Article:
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Bradford Era Newspaper Archive: May 4, 1931 - Page 1

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Location: Bradford, Pennsylvania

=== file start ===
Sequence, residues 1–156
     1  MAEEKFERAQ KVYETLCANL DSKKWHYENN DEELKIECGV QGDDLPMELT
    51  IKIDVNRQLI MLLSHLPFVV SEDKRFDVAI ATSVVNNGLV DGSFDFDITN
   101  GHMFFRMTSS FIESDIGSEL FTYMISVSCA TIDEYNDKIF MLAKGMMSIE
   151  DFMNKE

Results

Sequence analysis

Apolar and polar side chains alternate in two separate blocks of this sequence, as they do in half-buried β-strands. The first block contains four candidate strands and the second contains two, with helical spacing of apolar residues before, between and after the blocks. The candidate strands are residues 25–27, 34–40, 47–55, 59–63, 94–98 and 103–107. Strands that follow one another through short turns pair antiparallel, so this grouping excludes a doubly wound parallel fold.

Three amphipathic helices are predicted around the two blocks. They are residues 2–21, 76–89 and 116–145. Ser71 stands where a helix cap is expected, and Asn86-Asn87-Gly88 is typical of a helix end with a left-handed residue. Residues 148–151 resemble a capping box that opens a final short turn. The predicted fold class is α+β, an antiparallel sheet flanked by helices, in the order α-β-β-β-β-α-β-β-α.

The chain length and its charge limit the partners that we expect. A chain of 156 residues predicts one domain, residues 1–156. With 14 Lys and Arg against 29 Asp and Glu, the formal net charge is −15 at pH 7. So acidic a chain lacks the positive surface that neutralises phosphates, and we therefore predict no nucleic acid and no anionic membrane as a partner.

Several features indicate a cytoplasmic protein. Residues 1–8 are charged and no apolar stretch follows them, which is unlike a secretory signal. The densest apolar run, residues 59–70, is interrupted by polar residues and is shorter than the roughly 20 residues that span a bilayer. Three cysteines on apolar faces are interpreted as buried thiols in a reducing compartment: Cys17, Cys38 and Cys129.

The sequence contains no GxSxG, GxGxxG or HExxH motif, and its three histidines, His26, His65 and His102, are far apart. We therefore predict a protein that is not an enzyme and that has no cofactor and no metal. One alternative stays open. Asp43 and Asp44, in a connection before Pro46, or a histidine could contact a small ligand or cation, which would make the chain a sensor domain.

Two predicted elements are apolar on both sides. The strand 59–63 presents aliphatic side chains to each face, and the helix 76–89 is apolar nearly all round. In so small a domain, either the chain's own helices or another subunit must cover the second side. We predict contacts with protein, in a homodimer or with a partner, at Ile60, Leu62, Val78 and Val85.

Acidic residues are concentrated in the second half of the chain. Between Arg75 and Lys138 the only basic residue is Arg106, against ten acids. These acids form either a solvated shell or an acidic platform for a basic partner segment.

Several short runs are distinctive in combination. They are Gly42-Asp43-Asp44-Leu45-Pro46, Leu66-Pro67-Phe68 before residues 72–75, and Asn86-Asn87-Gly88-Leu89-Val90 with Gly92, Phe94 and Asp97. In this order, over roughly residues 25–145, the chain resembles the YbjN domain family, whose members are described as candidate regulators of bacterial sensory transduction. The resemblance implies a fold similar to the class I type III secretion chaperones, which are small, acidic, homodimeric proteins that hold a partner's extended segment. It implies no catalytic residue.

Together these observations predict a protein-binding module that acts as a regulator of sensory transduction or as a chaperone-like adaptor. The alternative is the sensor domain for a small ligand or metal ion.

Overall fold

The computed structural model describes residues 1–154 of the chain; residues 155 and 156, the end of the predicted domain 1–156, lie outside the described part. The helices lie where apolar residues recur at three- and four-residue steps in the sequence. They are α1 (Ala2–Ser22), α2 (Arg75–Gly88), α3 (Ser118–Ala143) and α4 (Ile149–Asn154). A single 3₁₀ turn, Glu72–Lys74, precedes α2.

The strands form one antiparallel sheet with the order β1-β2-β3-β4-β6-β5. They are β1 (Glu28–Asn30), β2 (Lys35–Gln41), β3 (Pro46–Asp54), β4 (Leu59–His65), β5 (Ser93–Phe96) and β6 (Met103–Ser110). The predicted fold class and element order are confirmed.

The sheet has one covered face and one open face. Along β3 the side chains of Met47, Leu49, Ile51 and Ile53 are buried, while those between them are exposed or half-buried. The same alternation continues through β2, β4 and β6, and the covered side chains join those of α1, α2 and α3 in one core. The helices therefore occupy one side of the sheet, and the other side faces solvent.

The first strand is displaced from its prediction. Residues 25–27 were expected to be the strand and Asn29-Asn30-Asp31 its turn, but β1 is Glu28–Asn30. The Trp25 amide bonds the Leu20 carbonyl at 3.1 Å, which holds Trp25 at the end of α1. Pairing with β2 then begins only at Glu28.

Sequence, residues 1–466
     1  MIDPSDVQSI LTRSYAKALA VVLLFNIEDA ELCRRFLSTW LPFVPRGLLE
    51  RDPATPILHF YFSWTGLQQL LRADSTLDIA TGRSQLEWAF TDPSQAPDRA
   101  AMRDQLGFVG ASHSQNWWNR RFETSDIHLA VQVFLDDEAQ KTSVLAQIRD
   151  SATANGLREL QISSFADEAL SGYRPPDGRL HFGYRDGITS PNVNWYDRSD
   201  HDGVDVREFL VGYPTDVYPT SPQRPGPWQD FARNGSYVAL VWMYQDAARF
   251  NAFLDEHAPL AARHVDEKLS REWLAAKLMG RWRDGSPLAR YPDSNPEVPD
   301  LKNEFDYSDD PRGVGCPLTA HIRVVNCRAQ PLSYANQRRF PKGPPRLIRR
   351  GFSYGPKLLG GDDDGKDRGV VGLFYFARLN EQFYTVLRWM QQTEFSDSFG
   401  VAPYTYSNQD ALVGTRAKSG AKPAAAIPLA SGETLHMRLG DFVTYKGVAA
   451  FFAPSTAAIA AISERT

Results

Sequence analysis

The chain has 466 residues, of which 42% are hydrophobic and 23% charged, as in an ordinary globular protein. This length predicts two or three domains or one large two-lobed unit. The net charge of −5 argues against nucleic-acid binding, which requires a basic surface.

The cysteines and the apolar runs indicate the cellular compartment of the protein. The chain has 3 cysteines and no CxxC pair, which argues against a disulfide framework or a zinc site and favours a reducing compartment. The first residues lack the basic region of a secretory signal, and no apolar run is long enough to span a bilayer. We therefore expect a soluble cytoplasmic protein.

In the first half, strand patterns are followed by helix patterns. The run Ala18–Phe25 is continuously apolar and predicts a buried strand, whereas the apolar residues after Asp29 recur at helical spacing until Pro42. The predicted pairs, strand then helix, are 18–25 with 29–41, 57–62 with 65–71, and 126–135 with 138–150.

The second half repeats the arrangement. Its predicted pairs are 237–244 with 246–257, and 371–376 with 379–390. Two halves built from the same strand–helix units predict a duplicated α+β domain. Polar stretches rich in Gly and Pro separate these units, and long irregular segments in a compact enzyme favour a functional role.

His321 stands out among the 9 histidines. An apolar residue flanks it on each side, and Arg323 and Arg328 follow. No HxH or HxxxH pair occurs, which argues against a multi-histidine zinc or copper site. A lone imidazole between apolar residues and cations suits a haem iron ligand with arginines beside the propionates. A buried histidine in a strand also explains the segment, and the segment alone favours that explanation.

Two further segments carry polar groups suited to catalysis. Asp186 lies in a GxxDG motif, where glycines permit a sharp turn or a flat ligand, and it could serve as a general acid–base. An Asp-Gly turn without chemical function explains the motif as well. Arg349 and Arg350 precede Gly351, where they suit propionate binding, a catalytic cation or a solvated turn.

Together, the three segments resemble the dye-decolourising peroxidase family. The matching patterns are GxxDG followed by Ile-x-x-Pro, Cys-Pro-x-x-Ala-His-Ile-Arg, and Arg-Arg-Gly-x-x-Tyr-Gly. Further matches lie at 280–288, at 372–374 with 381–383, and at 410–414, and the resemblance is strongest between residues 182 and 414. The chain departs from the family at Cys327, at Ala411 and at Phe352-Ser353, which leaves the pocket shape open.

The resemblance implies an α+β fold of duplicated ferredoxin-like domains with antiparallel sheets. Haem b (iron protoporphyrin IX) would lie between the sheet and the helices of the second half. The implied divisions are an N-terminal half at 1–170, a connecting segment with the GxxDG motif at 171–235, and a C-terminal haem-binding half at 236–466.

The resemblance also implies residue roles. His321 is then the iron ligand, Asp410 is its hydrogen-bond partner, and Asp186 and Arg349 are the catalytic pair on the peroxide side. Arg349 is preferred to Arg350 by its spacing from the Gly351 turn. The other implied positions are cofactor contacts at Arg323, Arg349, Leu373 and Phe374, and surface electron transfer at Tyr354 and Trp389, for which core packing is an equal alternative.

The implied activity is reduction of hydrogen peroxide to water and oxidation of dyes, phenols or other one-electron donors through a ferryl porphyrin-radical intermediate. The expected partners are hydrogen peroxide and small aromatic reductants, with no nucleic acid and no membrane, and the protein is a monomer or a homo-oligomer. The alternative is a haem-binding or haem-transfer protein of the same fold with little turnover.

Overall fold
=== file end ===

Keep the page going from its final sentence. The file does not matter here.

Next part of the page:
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   Bradford Era (Newspaper) - May 4, 1931, Bradford, Pennsylvania                                J     4    - IIUNTCEO KEY PAID .mow orw MM flafly fMibUcfttiw tat largest ol any newspaper veblisbed is McSeaa ftuty THE ONLY PAPER IN M'KEAN COUNTY RECEIVING T. 3 DNEIVALED NEWS SERVICE OP THE ASSOCIATED Fiil.'SS TWELVE PAGES |g 54 NO. 1CL    (ESTABLISHED 1S77) BRADFORD, PA, MONDAY MORNING, MAY 4, 1931. PRICE TWO CENTS. GERM A N BOAT IS OFF AGAIN ll street urns death Pneumonia Victii Mm for Balama fwtagt** Aerial Expl ALL IS WELL esses tion So Expected at e Time Flies Midnight Las Palmas t �rllkD Last Friday, i i <yTfce Associated press) *'Sb Se 1 Oro,  Spanish Northwest ltty3-On another lap of its -projected ffilht to South America, the flying boat DO-X took off inter here at 4 a. m. (EST) ' Bolama. on the west coast H^af Portagese Africa, a distance of 950 huge craft, which flew here las Palmas, Canary Islands, last was reported to haw passed Blanco four hours later.' 6:30 a. m. (EST) the'plane ra-that it was about 115 miles of Rio De Oro and that the ; was progressing without inci-At the speed it was then rnaWnc, hip would not reach it* destJaW until sometime alter midnight ^oOannnnication Impossible May 3- (iff)-A radio mes-received here late tonight from fmbnas Canary Islands, said that titer communication was pos-,wttb the DO-X, giant airliner �n its way to Bolama, West he dispatch said the shiD Financier,   Philanthropist Dies of Pneumonia Saturday Night FUNERALlsTUESDAY Services Will Be at Tuxedo Park, N.Y. Estate-Special Train Will Leave Jersey City Tuesday Morning Bearing All Who Will At-tend Services. Tean M. Dubois (above), explore* and son of Or. Eugene Dubois, noted Dutch scientist, will start on an aerial expedition to explore some 50,000 square miles in Dutch Guiana in search of animal and geological specimens. . Much of the trek will be through the jungle. i- i. V- ^ * believed to he somewhere Senegal, en route JRP starts OH Pstfd Over San Lab toy 3 (JP)-A report receiv tonight said the airship DO-3 over San Luis, Senegal, oi liSar to Bolama, West Africa. Thi distance from San Luis t -Several farm \w9mk^fRLf: scattered sections were destroyed tonight as brisk winds fanned brush and n Cass and Itasca ooun-Jfarthera Minnesota. reported burning near Lake; in a sparsely settled of Brainerd and north Rapids and Deer river.- A -summer cottages were in the fire near Alexander Seiji Yoshiwara Will Cover 6J48 Miles; His God Is San Francisco \ ALONE; HAS^NO RADIO (By the Associated Press) Tokyo,  May   4.   (Monday) -Selj i Yoshiwara, 27-year-old Japanese flier, took off at 10:10 aJn. today (8:10 pjn. Sunday EST) on the first-Jeg-of a "*^2*8 mtle flight to San Fraaciao* via the Aleutian islands and British Columbia. Alone and without radio, the "Lindbergh of Japan" as he is often called, started his open seaplane on a good-will trip to America carrying to President Hoover a message from the Japanese magazine king, Seiji ! Noma, principal backer of the flight. To Go by Was; Alaska He hoped to complete the first stage of the journey to Numasaki, 368 miles north of Tokyo, before nightfall. The next jump would take him 297 miles further north to the extreme tip of Hokkaido island. Then his itinerary calls for flights over the Kurile islands to Peropavlovsk, Siberia, over the Bering sea to the Aleutians and after several stops, to Seward, Alaska. From there he would fly southward to Seattle, then to San Francisco. He would then go to Washington. The flier speaks English poorly but is better versed in German. He expressed confidence of completing the flight without mishap despite the gales which swirl from the arctic circle and the fog which.during May obscures the Aleutian islands more than a quarter of the time. Undeterred by Obstacles Even the prediction of Thomas Ash, jr., who is planning a non-stop flight to America about May 30, that "it will be almost a miracle if Yoshiwara succeeds" has not deterred him. Yoshiwara, who has been a licensed (By the Associated Press) New York. May 3.-The stillness of death intensified the customary Sabbath quiet of the financial district while a bereaved family prepared to bury George Fisher Baker, colossus of finance arid gentle-spirited philanthropist, whose 91-year career was ended by pneumonia last night. * It was Sunday, but resting in their homes, those who dwell in the high places of business and finance felt no unrest. George Baker had builded strong and well and the uncertainty and flurry that attended the passing of a great leader in days gone by was absent-a triumph of -organization. Many W01 tarry On Many men will step into the places George Baker has vacated and carry on the affairs that he attended to long 'past the three-score and ten years alloted to most men. At the Madison avenue mansion where the financier slept his long sleep, Frank Risavy, his secretary, announced the funeral arrangements decided upon at a family conference. The funeral will be held Tuesday at the Tuxedo 'Park, N. Y., estate. A special train will leave the Erie Railroad terminal in Jersey City at 10:30 ajn. Tuesday bearing all those who will attend the services CIPH HOUSE TO TAKE FINAL A CTION TONIGHT UP SUN N AY BALL PTI N Movement Will Appeal to Youth of U. S. Support 18th Amendment Pennsylvania State Briefs Associated Press) act is slate \ Philadelphia-Seventy men dis-i Detroit, dies of heart attack while missed from staff of James M. undergoing operation for restoration Hazlett, recorder of deeds, who says | of his sight. I OBJECTIVES! he has nothlns tov them to <*  3    GEORGE F._ I Colossus of finance sleeps peacefully away in New York mansion at the age of 91. t rescue flier Capt Albin Ahrenberg Is Well on Way in Search for Lost Englishman ICE FORMS ON WINGS Many Messages Received Interment will be in the family vault at Kensico cemetery. Hie secretary ' said many messages of condolence had been received, but they would -not be made, public. ^ - The thought must have come "to many today as they mused upoiuthe life and deeds of George Baker-that the six words he uttered in his'only public address might well serve as his epitaph and ebnediction. They were: "Thank you and God bless you." For his benefactions totalled in millions   more . than   the  average philanthropically inclined man feels he is entitled to bestow in dollars. One Aged Sentinel Left His death leaves only one aged sentinel on the'outposts of that last frontier that witnessed the hearing of a civilization of steel upon the foundation of a hardy pioneering nation. That is John D. Rockefeller, sr. The others-J. Pierpont Morgan, the elder, James J. Hill, Henry C. Frick, Andrew Carnegie, Thomas F. Ryan'and' others-have passed on. "While primary interested in finance, George Baker did much to make it possible to lay the bands of steel on which the tide of empire moved west-"ward while in the comparatively congested east his financial acumen conquered anew. (By The Associated Press) Reykjavik, Iceland. May 3-Capt. Albin Ahrenberg, Swedish flier who will search for Augustine Courfcauld, British scientist missing on Greenland's ice cap arrived in Angrnagsalik, Greenland, late today, after a flight over the Strait of Denmark from Reykjavik. The aviator had intended to continue the flight immediately in search 1 cf the .missing Engh^hinan, but he r*as prevented from doing, so -b^ for? mation of ice on the wings of his plane. This compelled him to land rt Angmassalik. Arrives In Five Hours Ahrenberg made the ��flight from the Iceland capital to Greenland in five hours. During the trip he passed over the Danish cruiser Hvidbjorn, which lies near the Greenland ice barrier. The Icelandic patrol boat Odlnn, which went to aid in the search for Court-auld also is in the Strait of Denmark on its way back here to repair its damaged airplane. Balked by Elements The Swedish flier tried to reach Greenland yesterday, but was forced to return here because of unfavorable flying conditions and the need of readjusting his motor. Two dog teams, driven by friends of the missing scientist, also, have gone to his rescue, but no word has been received from them. r 4 **th has been reported due to A settler named  Balm, Saturday in his home in county, was believed to victim of over-exertion in flames. ABANDONS   _____ Turkey, May 3.       Capt. Stack, who left Lympne, ipril 29 in an attempt to . tound-txip flight to Australia *Sdt:to 21 days, abandoned the bert today when his takeoff by battery trouble. % ME WHY ~% Tpu spoke of wage JiSi IS how a sm*U addi- 55*7 t*Py expenditure ' on Tr Part wnwiii ~ -4- a. _ (Continued on Page Twelve) TWO WOMEN AND BABE ARE KILLED WHEN HIT BY CAR -Westfield, N. Y., May 3. (fl*f-Mrs. Floyd Thomas, 42, Mrs. Alice Dins-bier, 26, and her one-year-old son were killed Saturday- night when struck by an automobile, which police said was operated by James S. Stone, Cleveland Heights, Cleveland, Ohio. Deputy Coroner William Crandall announced that charges of second degree murder had been placed against Stone who was released on $5,000 bail pending grand jury hearing. The two women and the infant f had left the Dinsbier home and were walking toward a trolley car stop when the automobile allegedly driven by Stone, in trying to pass another car, skidded and plunged into the j trio. After an inquest, Coroner Crandall announced that Stone had been driving "negligently and at reckless speed." SUIT FOR $37,500 COMMISSION FILED Pittsburgh, May 3. (/P>-Suit for $37,500, claimed as commission for the sale of Greensburg theatre properties, was filed against Michael Manos in common pleas court here Saturday by C. C. Hamilton and company, Pittsburgh real estate brokers. The plaintiffs asserted they were commissioned by Manos to find purchasers for properties of Manos Enterprises, Inc., including the Manos and Strand theatre and a leasehold on the Grand theatre building. Warner Brothers Theatres, Inc., purchased the holdings, it was alleged. asxunit i earner* But, do r i r?1 lying influence as the salaried and wealthy classes? ^age earners have m a much greater buy-mg influence. How is that? Most of the products that are made and sold are bought by em0ftJ*- W.eU over 50 to* fte buying of Amer-products is done by the that come out of n*v �" uth end of the county, said, cie^7 to b3ock been at home on the night the worn- t he" was seized on "the grounds of the'   The Senate, which has an was killed. j Idaho Country club after two autos Damaging Testimony 14 Sheriff Young said an investigation started the first of the year when hs resumed office, had revealed witnesses who declared they saw Peter leave the Utah hotel here with Mrs. Moormeister early on the evening of her slaying and enter her automobile. The couple also was. noticed in the car with another man during the evening and still later in the vicinity of the spot where the mangled body was found, the officer related. The identification of Peter as an occupant of the Moormeister motor car near the death scene that brought the investigation to a climax, officers said. George Edmunds, a mechanic, told the sheriff he recognized Peter as the driver of the car. test vote for many years on Blue had trailed him there. j IT modmcaton, was regarded a* -They wound gauze bandages 3lli?fd� on tW? legislationEven around my head so I couldn't see,"j'f tDe bm succeeds in both Houses, I judge I was driven 1511^Jffas-5!nfr^y c?n^ded th.a> Gov" he said. ernor Pinchot probably would eser-cfcre his power of veto. Five ether major problems are to*- [ I HOME Warren, May 3. (IP)-The body of T. W. Ostins, found Saturday night near the headquarters of Six Mile Run, in Mead township, was sent to his home at New Kensington. Ostins suffered heart attack as he was about to start the day fishing in the stream, authorities said. He was not found until 12 hours later by his companions, B. K. Burkett, Pittsburgh, and L. R. V/alters, Tiona. PUNXSUTAWNEY MAN DIES IN AUTO CRASH NEAR MT. JEWETT Thomas H. Shaughnessy, aged 42, of Punxsutawney. was killed, and Floyd Molander, 38, Mt. Jewett, sustained a fracture of his right arm and lacerations when the car in which they were riding crashed into a culvert abuttment near Mt. Jewett, on the Hazelhurst road at 4:30 Sunday morning. Mr. Shaughnessy was instantly killed. Mr. Molander, driver of the car, Is in the Bsadford hospital. Mr. Shaughnessy has been employed temporarily at Mt. Jewett. He was a barber. He is survived by three brothers, William, of Warren, James and Arthur, of Bradford; three sisters, Mrs. J&mes Row bottom, of New Castle, Mrs. George Mahoney. of Roseviile, California, and Mary Shaughnessy of Cleveland. The body was brought to the Still mortuary, here, and prepared for burial. Funeral arrangements are not completed. Will Probe Deaths of Three Believed Psittacosis Victims \ or 20 miles before we stopped." Kidnapers Friday night, he said, they called,!   we ctner major problen his wife and "told her that unless! sJare *^ CSI?ter of, ^ !e^Iatlve she furnished the money she would durin* These issues never see me in the same form as! congressional reapportionment, she last saw me" ' elec"0n        reform, coal and iron It finally was'agreed the wife was ] PJ^e the fair rate board bills and to go to a friend's home in Chicago! �� setting ?f the date for adjourn-the next day and wait for a caU. ment s�e dle � *Je Legislature. -When she finally got together the    . . f TnP Me?*m% Ca?e� $150,000 she agreed with them on a!   * Tmfietu^ 5 Uie congres- password by which she would tocw s" S^Tf JT^n ^ she was giving the money to the fenator John J McClure. Dela- right persons. ^ � C^LT has *een ca�ed "She and Jimmy Blouin, my part-! f?r 7:S^ P- m- tomorrow to consider ner, followed instructions and drove [ �e proposed amendments to" up and down a country road/* he ^e Mc�lur* MIL It is expected thit said, "finally she was signalled to | 311 �8*eemeiit ^ r*ached on the stop. She handed over the money.   I measure at that time and that when Never Saw Them Before. "The men came back and tcld : the ___________ ...______ it will be reported for final passage. Tomorrow afternoon at 4 o'clock the Pittsburgh, May 3 (^-Health officers announced plans tonight for immediate investigation of the deaths of three persons a^d the illness of five others, all apparently afflicted with psittacosis or "parrot fever.** The dead were Mrs. Anna Lindner Weigand, her father, Joseph J.        auQ A , Lindner, 61, and Mrs. Ella May Weiss, | MejroSe p3rfc Mrs, Weig'and and her father died' Thursday. They were stricken while attending a friend who became ill shortly after a pet parrot sickened and died. Mrs. Weiss died April 16, shortly after she and her husband had returned from Europe, bringing eight parrots with them. The husband likewise became ill but recovered. Others stricken were relatives and friends of Mrs. Weigand and her father. me not *> do anythin* for Uve j =^ code out of ccm- (Continued on Page Twelve) GIRL KILLED BY 'TIPSY' OWN Find Fourth Woman Murder i _ f in San Diego in Brief Time San Diego, Cat, May 4. (JPh-Another woman murder-the fourth here in recent weeks-was uncovered today when the body of Miss Hazel Bradshaw, 19-year-old telephone operator, was found in an old Indian village in Balboa, park. Police said that the girl, whose body was stabbed Jn & dozen places, apparently had been dead about 8 hours. Her wrist watch had stopped at 9:43 o'clock. Authorities said they believed she was attacked before she was killed. Following upon the strangling February 10 of Virginia Brooks, a schoolgirl, the uaclottied body ol 16- year-old Louise Teuber was found suspended by the neck from a tree near Black mountain just two weeks ago, and the next Thursday the body of Mrs. Dolly Bibbens  was found strangled in her home. None of the killings has been solved. . The Indian village in which the body of the latest victim was found is five miles from the business district. The body lay close under the abode wall which surraunds the village. Five feet away was a large pool of blood, indicating, police say, that she was  stabbed  while  standing,   and staggered several feet before she fell PEACEFUL ENGLISH VILLAGE SHOCKED Manchester, England, May 3. (JPh-The peaceful countryside of East Lancaster was shocked early today by a sharp earth tremor, which was felt over a large area. No casualties were reported but there was some property damage. At Eccles buildings were slightly damaged and a number of chimneys and flower pots were shaken down: A telephone operator at the exchange was hurled from her seat when the building shcok. People ran in alarm from their homes in Salford when the buildings were shaken and chimneys crashed down. The tremor also was felt at Old Trafford and Bolton. The incident was an unpleasant surprise to Lancashiremen who are not used to such manifestations of Mature. Warren, May 3. (JP)- -With a rifle containing one exploded shell nearby, the body of Lewis S. Dinham, 54, was found today in a shed at his ^.ome at Youngsville, near here. Authorities termed the death as suicide. Philadelphia, May 3 (JP)-An automobile whose driver was alleged to have been intoxicated, struck two girls today at Seventh and Lehigh j avenue, killing one and seriously inr * juring the other. Esther Porter, 22, was almost instantly killed. Her companion, Hannah Kreiger also 22, suffered a possible fracture of the skull. Morris Hearty, 33, driver of the car, was held without bail charged with manslaughter and driving while intoxicated. been indefinitely postponed on the election code. May Be Reported. The fair rate board bills, passed last week by the House and now in the hands of the Senate committee on Judiciary general, may be reported for passage in the Senate this week but in the event they have not been reported by Wednesday, the administra- (aApMX aSej uo panuRuoo) Public Assistance Is Asked to Find Missing York Girl DETROIT, FORMERLY OF BRADFORD, DIES T'^ "x^T^      h     � �* New York, May 3. (^P>-After a futile search of nearly two weeks, police and private detectives issued a call for public assistance tonight in their hunt for Doris Dempsey, 15 year old daughter of William W. Dempsey, jr., wealthy York, Pa., lumberman. The girl disappeared from her home in York April 22 after bidding her family goodnight and going to her .room. Later she appeared at the railroad station, bought a ticket for New York, and arrived at Pennsylvania station the next morning. Volice had been notified by officials in York tbat she was on hex wayt but they arrived at the station too late to meet here. They learned, however she had checked her bag, disappeared for. some minutes and then reclaimed it. Railroad employes reported that the girl was accompanied by a woman about 40 years old and that they stepped from the train together. The parents said she had not more than $10 when she left York. The fare to New York is $7.70.     '      < Mr. Dempsey had no foundation for ( the girl's disappearance. He said"she! trolt tordgh was popular at school and apparently contented. Her grandfather left'her considerable property tn her own right Jerome Boyle of Detroit, formerly of this city, died yesterday morning at 1:30 o'clock at his home after a brief Illness of pleural pneumonia. Mr. Boyle was taken ill with pleurisy two weeks ago. Pneumonia developed Tuesday and his condition became critical Thursday. His sisters, Misses Mary and Emma Boyle of High street j and Sister M. Benedlcta of the Villa I Marie college, Erie, were present when 1 he died. Mr. Boyle was born in this city and after attending the local schools, was graduated from Bradford High school. He moved to Detroit a. number of years ago, where he was employed as a machinist in the Ford plant. He was a member of the Knights of Columbus. Surviving are his widow, Mrs. Ruth Boyle, and four children, Clara Anne, Beraice, William, and John; and the three sisters previously mentioned The body will arrive here from r i B. R. and P. railroad. Funeral services will be' held Wednesday morning at 9 '.o'clock from the St, Bernard church. trk- i V